Friday, May 25, 2012


Photo: African National Congress supporters sing and dance outside the High Court in Johannesburg, South Africa on Thursday as President Jacob Zuma's lawyers sought an order banning the display of a now-defaced painting of the president. Credit: Themba Hadebe / Associated Press

South African president's lawyer weeps in court case over painting

May 24, 2012
New York Times
South Africa

A white man's painting of a black president, genitals exposed, slashed open an ugly racial divide in South Africa this week, leading to death threats against the artist, calls for the boycott of a newspaper, vandalism of the artwork and the temporary closure of a gallery.

The issue grew more heated Thursday when President Jacob Zuma's lawyer broke down and wept after tough questioning from a white High Court judge during a hearing on Zuma's efforts to have the painting permanently banned from public display.

Attorney Gcina Malindi cried when questioned by Judge Neels Claasen about why the painting should be seen as racist and offensive to black South Africans. The court immediately adjourned and later ordered the media not to broadcast images of the lawyer weeping.

Malindi was an activist in the struggle against apartheid and was jailed for treason in the 1980s. He later told journalists he broke down because the trial brought back bitter memories.

"I was just overcome by emotions, and there is a history to it as a former activist," he said, according to the newspaper City Press. "As an advocate, we are supposed to be trained not to be emotional when we appear in court."

Brett Murray's painting, "The Spear," was part of an exhibition called "Hail to the Thief II," a blunt critique charging that the ruling African National Congress was corrupt and had abandoned its socialist ideals. Zuma has called the artwork personally offensive, and ANC Secretary-General Gwede Mantashe, who was in court for Thursday's hearing, has termed it racist.

Many black South Africans were uneasy with the confrontational imagery of the painting, with some mounting arguments that African culture respected elders, hence the display was offensive and insensitive. Others argued it recalled brutal apartheid searches, which often saw black males stripped naked.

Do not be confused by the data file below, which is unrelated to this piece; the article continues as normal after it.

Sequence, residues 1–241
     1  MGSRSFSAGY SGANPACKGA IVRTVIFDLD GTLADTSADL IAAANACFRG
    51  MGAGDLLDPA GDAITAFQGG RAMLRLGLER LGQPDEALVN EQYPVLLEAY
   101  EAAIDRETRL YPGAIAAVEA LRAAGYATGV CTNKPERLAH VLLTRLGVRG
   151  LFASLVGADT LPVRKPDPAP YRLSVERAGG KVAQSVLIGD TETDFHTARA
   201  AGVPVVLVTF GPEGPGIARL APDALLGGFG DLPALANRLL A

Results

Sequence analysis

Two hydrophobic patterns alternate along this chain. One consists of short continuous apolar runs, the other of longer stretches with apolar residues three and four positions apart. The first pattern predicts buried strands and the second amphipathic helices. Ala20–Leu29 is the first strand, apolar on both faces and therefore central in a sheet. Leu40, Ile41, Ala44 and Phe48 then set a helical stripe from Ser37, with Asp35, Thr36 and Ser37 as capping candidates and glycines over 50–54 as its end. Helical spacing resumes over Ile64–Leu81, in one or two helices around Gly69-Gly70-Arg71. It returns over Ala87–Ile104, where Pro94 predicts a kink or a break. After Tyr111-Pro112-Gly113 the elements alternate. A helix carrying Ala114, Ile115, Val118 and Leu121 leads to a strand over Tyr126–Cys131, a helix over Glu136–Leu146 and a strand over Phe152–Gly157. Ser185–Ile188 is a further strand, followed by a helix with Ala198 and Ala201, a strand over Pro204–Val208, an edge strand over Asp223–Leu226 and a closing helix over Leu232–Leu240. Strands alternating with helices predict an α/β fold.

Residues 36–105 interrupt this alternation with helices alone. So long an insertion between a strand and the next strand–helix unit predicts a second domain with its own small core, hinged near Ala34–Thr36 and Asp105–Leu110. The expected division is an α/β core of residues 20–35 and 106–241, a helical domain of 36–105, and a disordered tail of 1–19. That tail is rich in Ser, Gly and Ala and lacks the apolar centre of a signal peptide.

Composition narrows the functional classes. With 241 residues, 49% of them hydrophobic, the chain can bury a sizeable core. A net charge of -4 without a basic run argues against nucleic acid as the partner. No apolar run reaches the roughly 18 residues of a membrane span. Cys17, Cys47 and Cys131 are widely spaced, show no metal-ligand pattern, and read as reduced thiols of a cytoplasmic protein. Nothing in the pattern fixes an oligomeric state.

But their opponents in a fierce public debate contended that Zuma -- who once had sex with an HIV-positive family friend half his age without using a condom but was acquitted of her rape accusation -- has laid himself bare to such parodies.

"Zuma's [image] is of a man whose concentration is on sex and political self-preservation. He has done more to provide fodder for racist stereotypes than any black South African has done," South African columnist Justice Malala wrote in the British newspaper the Guardian on Wednesday, dismissing arguments about African cultural sensibilities.

As debate raged, the work was vandalized Tuesday at the Goodman Gallery, a leading Johannesburg art space, by two men in swift succession -- one white, one black -- who claimed they didn't know one another. The gallery closed its doors temporarily and moved the painting.

Nonetheless, Zuma and the ANC broadened their legal action from an effort against the gallery and City Press, which posted the image on its website, to ensure the painting was not displayed anywhere in public. ANC has called for a boycott of the newspaper.

Though the ANC has argued the painting is an affront to Zuma's dignity as president, Judge Claasen said the law offered no protection for the dignity of either presidency or the party, and the case could only weigh any offense to Zuma personally.

The court must balance this against the strong protection offered in the South African Constitution for freedom of artistic expression.

Claasen asked Malindi if the ANC would be in court opposing the painting if it had shown apartheid-era President F.W. de Klerk. "What evidence is there that this is a colonial attack on the black cultures of this country?" he asked.

"There have been heavy suggestions that only the educated understand art and it is beyond the comprehension of people who don't belong to this group," Malindi responded. He argued that the court should take into account how the painting would be perceived by many black South Africans who were denied an education under apartheid.

"I implore the court and those who convey messages to consider the diversity of South Africa. There is a super-class of people who believe that things should be seen in their eyes," Malindi said, before he broke down.

Claasen said three black artists had submitted that the painting wasn't racist. "This is black against black," he told the court.

Robyn Dixon